Now, the promo message we were sent claims that Totentanz is “…nothing like you have heard before”, but in my personal experience, there’s not much here that’s particularly novel. Blackdeath’s PR agency was probably listening primarily to the guitar, which showcase a nice mixture of standard melodic black metal phrases with more dissonant, atonal phrases. By not confining themselves to tonal centers, the band has opened up some realms of musical technique that could come in handy. That’s about all I can say in favor of the instrumental end of this album – nothing here is “wrong” or out of place (even the drum machine), but it’s otherwise very standard for its subgenre.

I suppose the specific problem with Totentanz is that it does little to coordinate its individual elements into a coherent whole. Blackdeath seemingly values the “kvlt” side of black metal, and thusly this album is blessed with a stereotypical low fidelity mix. The most prominent issue here is that the percussion is nearly inaudible; this appears to be a constant problem throughout the band’s discography. It’s not really a problem for a more ambient black metal act like Darkthrone or Sorcier des Glaces, but Blackdeath seemingly aspires towards the more violent side of the genre, at least if the rest of their musical elements aren’t misleading me. Totentanz also has the sort of arbitrary songwriting that so many other metal bands fall into. In this case, I find it unusually hard to isolate specific elements for criticism; however, the aesthetic/songwriting mismatch seems to be most responsible for this recording going in one ear and out the other without getting much in the way of proper mental attention.

I guess it’s a dubious honor that the first upcoming release of 2016 I’ve reviewed avoids the Sadistic Metal Reviews pile, but honestly, the best thing I can say about Totentanz is that it’s surrounded by mildly interesting circumstances.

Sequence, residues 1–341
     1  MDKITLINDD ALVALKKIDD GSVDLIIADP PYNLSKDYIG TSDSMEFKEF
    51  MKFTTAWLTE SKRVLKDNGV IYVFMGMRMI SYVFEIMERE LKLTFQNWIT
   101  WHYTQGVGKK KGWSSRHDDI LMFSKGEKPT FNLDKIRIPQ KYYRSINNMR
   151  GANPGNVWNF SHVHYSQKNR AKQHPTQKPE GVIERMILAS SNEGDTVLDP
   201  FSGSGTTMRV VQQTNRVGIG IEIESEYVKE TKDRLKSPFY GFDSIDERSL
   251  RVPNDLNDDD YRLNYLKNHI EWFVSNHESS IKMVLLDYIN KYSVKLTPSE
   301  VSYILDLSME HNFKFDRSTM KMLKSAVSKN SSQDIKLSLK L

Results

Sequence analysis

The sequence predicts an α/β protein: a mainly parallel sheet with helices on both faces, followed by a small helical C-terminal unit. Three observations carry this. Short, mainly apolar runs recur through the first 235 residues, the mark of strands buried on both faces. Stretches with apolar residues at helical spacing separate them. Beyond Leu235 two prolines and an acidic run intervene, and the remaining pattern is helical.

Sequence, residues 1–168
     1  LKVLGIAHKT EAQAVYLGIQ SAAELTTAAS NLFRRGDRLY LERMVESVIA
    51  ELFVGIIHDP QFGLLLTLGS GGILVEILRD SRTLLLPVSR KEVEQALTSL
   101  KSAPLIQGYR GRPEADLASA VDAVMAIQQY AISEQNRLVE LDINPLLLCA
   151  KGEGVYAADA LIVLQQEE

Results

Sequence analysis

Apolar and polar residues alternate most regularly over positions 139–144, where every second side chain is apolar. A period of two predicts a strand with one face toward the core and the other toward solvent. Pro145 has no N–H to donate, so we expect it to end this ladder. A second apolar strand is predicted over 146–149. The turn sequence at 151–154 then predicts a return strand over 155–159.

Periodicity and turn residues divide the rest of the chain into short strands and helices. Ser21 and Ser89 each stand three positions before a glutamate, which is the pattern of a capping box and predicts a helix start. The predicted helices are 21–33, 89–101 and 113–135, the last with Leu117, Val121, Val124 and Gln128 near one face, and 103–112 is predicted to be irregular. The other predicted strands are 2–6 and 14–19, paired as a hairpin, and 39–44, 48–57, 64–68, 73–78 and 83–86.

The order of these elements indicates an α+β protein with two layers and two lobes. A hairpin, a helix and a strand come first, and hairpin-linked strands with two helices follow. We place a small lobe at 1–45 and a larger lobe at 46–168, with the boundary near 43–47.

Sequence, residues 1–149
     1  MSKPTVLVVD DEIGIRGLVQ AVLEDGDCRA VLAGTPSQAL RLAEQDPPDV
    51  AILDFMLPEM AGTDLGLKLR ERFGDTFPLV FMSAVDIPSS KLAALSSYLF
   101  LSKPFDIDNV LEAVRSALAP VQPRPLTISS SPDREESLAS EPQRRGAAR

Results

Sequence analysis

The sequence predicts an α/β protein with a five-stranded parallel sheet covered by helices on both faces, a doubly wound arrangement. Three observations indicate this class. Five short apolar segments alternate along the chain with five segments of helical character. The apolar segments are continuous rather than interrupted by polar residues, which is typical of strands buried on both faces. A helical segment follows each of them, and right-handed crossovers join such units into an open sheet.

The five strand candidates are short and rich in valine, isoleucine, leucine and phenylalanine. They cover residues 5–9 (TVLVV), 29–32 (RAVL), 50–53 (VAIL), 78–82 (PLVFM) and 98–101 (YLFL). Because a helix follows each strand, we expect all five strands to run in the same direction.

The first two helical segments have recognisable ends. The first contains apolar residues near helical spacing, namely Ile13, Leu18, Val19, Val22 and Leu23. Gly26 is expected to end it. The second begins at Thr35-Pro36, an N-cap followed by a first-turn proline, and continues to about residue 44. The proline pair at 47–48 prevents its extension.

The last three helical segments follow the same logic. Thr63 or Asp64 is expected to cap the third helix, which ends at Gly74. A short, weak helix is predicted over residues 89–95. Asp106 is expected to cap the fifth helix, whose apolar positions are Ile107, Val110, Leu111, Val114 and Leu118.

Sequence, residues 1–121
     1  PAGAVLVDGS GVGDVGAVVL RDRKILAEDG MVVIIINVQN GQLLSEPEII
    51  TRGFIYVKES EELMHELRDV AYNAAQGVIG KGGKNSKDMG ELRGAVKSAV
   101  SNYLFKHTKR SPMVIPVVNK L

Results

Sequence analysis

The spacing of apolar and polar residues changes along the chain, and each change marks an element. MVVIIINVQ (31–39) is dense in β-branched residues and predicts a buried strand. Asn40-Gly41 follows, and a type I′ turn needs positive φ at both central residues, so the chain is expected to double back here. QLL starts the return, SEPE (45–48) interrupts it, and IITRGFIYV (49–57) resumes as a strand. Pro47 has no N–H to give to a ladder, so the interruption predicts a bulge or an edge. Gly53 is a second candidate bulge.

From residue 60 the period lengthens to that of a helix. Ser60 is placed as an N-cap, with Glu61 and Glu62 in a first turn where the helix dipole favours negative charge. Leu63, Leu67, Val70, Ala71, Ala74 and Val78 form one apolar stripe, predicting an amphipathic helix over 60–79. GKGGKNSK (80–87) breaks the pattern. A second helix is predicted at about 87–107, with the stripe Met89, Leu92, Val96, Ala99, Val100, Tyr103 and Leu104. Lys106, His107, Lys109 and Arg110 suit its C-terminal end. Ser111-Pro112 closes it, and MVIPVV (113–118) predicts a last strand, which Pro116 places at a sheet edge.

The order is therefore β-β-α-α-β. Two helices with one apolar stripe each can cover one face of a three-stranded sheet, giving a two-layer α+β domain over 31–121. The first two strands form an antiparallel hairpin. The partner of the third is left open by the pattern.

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#Metalgate: SJWs trying to block Demonic Christ appearances

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If there’s one thing we’ve learned, it’s that SJWs speak in code. “I’m just going to pass this along” is the dog whistle for “if you’re one of Us, you should ready for attack mode now.” Apparently, SJWs are disturbed by an early 1990s interview with Demonic Christ frontwoman Dana Duffey, and because they disagree with her, they’re forming a Two Minutes Hate to get her removed from upcoming festival appearances.

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Shawn Wright clarifies what seemed like threats of violence

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After an interview surfaced showing that Shawn Wright of Bestial Evil has stated that he opposes the idea of violent solutions, we reached out to him regarding what appeared to be a series of violent threats against Diabolic Force Distro’s Tim Snodgrass. Wright clarified as follows:

I’m anti violence. Just because I want to fuck him up doesn’t mean I’m going to. So he can fuck off with that bullshit. If I was gonna destroy him I would have.

According to Wright, he communicated the same to Snodgrass with the following message:

“It’s all good Tim. I have no intentions of fighting you or hurting you. A) because I know for a fact you’d lose. B) because you’re not worth my time. And C) you have no relevant place in our scene and absolutely no effect on me.

Nice try I’m done allowing you to get a rise out of me. Have fun being alone. That’s your karma being disliked by us all.

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In the meantime, Wright has launched a new initiative, No Room For Hate, which plans to sponsor a local festival for anti-racist, anti-sexist, anarchist and anti-fascist bands. However, their logo seems to indicate violent intentions, so maybe this will be clarified in the future.